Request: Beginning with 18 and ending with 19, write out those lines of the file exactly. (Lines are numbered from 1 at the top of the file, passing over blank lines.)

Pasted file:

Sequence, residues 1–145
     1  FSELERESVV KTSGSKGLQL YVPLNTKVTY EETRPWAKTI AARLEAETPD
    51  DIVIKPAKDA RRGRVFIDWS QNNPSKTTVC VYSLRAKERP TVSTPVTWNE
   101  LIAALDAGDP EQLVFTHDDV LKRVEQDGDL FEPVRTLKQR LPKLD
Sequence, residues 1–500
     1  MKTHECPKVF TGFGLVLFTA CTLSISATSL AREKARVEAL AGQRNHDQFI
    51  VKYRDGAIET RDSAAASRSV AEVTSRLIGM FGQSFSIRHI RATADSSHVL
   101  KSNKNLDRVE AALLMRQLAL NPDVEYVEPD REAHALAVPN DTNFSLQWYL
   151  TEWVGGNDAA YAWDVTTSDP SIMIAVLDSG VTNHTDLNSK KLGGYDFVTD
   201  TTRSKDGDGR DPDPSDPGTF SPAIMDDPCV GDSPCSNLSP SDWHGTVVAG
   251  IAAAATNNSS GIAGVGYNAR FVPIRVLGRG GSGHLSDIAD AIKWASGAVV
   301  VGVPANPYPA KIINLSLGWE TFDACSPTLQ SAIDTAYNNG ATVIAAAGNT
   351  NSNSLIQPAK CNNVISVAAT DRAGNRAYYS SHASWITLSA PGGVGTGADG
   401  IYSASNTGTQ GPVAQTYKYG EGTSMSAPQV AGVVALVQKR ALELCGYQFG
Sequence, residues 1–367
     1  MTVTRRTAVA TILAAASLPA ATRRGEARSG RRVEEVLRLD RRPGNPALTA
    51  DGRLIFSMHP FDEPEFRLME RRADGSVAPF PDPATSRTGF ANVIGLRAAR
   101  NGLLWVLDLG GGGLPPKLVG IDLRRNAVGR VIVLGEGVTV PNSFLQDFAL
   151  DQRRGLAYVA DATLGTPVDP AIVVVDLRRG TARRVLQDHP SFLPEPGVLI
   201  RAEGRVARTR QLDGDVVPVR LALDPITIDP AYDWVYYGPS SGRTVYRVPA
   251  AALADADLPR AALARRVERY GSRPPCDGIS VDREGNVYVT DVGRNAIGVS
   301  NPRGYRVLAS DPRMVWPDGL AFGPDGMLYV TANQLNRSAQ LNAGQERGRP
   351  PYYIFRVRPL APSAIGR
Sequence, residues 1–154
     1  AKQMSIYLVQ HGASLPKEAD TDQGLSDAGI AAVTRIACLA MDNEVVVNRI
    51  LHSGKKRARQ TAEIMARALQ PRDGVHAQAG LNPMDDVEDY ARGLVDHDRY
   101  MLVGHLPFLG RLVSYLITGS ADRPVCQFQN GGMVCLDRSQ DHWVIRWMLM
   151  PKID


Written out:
   101  NGLLWVLDLG GGGLPPKLVG IDLRRNAVGR VIVLGEGVTV PNSFLQDFAL
   151  DQRRGLAYVA DATLGTPVDP AIVVVDLRRG TARRVLQDHP SFLPEPGVLI